Tuesday, January 17, 2012

The Tower 7

I stepped back carefully swallowing the nauseous feeling from the height of the cliff.  I looked to the left and could see nothing but trees and the sheer drop into the mist below.  The path turned to the right following the edge of the chasm until it came to a bridge.
The bridge was a grand affair rising in graceful arches high above my head.  It was wide enough to fit a car but I supposed in this fantastic world I was experiencing it would be a coach and four.  It arched out into the chasm supported by a fantastic layout of what looked like iron or steel trusses.
I searched for the other side but could see nothing but the rising mist.  At this point I was well and ready to go back to the tower and wait for something else to happen.  I wasn’t about to waltz out onto a bridge that I didn’t know how old or structurally sound it was.  The astonishing height of the bridge and depth of the chasm was enough to keep me firmly on the ground.
The deep urge to continue struck me again, but this time I was going to be stubborn. 
“If you want me to cross it then you’d better show me how stable it is and provide someone who will cross with me,” I said stubbornly.
I fully expected to wake up at that point, but I stayed right where I was waiting.  At this point I could see the sun dipping toward the western horizon (I assumed it was west).  It was still warm and felt more like early afternoon than evening.  I waited for another half hour and watched as the sunlight illuminated the arches of the bridge near my side of the chasm.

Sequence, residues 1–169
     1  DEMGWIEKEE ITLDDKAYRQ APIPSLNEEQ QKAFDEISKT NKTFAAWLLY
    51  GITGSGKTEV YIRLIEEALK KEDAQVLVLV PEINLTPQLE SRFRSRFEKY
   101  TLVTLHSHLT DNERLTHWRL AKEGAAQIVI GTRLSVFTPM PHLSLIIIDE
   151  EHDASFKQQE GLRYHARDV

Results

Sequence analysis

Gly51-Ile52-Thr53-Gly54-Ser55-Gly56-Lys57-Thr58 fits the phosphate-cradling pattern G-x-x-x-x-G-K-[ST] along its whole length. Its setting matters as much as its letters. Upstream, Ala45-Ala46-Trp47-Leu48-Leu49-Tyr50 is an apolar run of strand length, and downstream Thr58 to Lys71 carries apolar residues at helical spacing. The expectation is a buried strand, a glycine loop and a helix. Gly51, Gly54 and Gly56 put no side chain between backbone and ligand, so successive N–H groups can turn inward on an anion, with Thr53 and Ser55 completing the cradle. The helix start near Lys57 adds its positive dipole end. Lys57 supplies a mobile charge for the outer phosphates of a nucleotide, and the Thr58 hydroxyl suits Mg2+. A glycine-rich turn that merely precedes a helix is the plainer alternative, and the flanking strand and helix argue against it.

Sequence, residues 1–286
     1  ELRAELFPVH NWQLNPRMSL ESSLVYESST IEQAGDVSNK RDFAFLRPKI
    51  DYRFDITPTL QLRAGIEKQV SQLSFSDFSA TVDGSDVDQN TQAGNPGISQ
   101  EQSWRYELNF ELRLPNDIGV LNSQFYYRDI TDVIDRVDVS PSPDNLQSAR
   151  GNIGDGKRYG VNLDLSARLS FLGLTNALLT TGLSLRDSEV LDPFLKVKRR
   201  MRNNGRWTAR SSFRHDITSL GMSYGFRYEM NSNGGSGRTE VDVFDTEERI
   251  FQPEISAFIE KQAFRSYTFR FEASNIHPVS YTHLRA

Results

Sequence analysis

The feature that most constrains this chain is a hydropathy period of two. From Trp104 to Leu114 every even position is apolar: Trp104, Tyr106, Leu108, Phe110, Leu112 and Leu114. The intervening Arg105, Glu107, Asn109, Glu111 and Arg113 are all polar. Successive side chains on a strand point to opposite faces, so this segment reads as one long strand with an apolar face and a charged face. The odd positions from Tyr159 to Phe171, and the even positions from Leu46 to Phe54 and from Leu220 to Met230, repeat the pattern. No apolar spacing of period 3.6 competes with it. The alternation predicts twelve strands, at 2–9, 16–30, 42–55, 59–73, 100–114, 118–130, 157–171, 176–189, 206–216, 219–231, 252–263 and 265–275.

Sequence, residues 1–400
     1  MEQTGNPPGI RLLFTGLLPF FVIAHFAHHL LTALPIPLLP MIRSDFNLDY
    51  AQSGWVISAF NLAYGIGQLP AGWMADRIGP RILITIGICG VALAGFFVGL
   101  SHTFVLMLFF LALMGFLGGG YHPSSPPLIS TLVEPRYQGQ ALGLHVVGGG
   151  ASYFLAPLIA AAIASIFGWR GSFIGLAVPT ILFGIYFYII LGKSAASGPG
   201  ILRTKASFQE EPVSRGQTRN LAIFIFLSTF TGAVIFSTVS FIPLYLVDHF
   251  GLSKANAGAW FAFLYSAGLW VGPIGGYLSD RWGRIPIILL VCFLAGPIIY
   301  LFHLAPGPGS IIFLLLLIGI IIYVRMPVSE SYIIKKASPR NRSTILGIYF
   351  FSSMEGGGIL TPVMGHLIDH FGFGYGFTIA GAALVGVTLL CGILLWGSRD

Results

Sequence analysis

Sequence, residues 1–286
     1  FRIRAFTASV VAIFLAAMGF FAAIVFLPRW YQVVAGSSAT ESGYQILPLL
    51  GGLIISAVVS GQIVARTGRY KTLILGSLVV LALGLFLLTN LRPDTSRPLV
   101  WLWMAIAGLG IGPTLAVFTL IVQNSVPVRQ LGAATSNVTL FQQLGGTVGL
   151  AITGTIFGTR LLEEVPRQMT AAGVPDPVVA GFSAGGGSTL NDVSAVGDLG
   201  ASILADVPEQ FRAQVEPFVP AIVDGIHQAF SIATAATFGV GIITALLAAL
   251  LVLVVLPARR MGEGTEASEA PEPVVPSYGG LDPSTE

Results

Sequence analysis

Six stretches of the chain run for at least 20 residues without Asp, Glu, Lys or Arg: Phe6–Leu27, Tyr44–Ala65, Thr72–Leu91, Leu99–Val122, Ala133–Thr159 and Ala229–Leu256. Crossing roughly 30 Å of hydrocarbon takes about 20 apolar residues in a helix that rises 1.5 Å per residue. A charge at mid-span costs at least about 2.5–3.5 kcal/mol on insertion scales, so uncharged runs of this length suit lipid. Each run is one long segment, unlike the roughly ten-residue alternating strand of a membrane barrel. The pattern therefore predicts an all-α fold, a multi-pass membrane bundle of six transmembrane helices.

Slowly but surely the mist began to burn away in the afternoon warmth.  I still couldn’t see to the bottom, but now the entire bridge was visible from where I stood.  It had to be at least a mile wide and several hundred feet tall.  The trusses on both sides were anchored deeply into the rock walls of the chasm arching to the center.
The bridge was suspended between two solid towers grounded firmly on each side of the chasm.  The structures were made of a mixture of stone and the iron or steel that matched the trusses.  Long chains attached to the top of the towers and dipped down near the approach in the center.
I studied the structure for several minutes before deciding whether or not to cross.  It looked solid enough and new enough that I shouldn’t have any problems crossing.  The rails of the bridge were high enough to block my view of the chasm below giving a bit of added comfort to the situation.
With a deep breath I stepped onto the bridge.  I had gone about a hundred yards when I remembered the fairy tale of the troll bridge.  With a shudder I tried to push the thought away.  This didn’t seem like that kind of fairy tale situation.  I hadn’t encountered monsters of any sort so I felt relatively safe.
I continued.  It felt like an eternity before I reached the other side of the bridge.  When I turned to look back the mist had risen up obscuring the other side.  I closed my eyes, grateful for the sunshine and nervous for what might be ahead.

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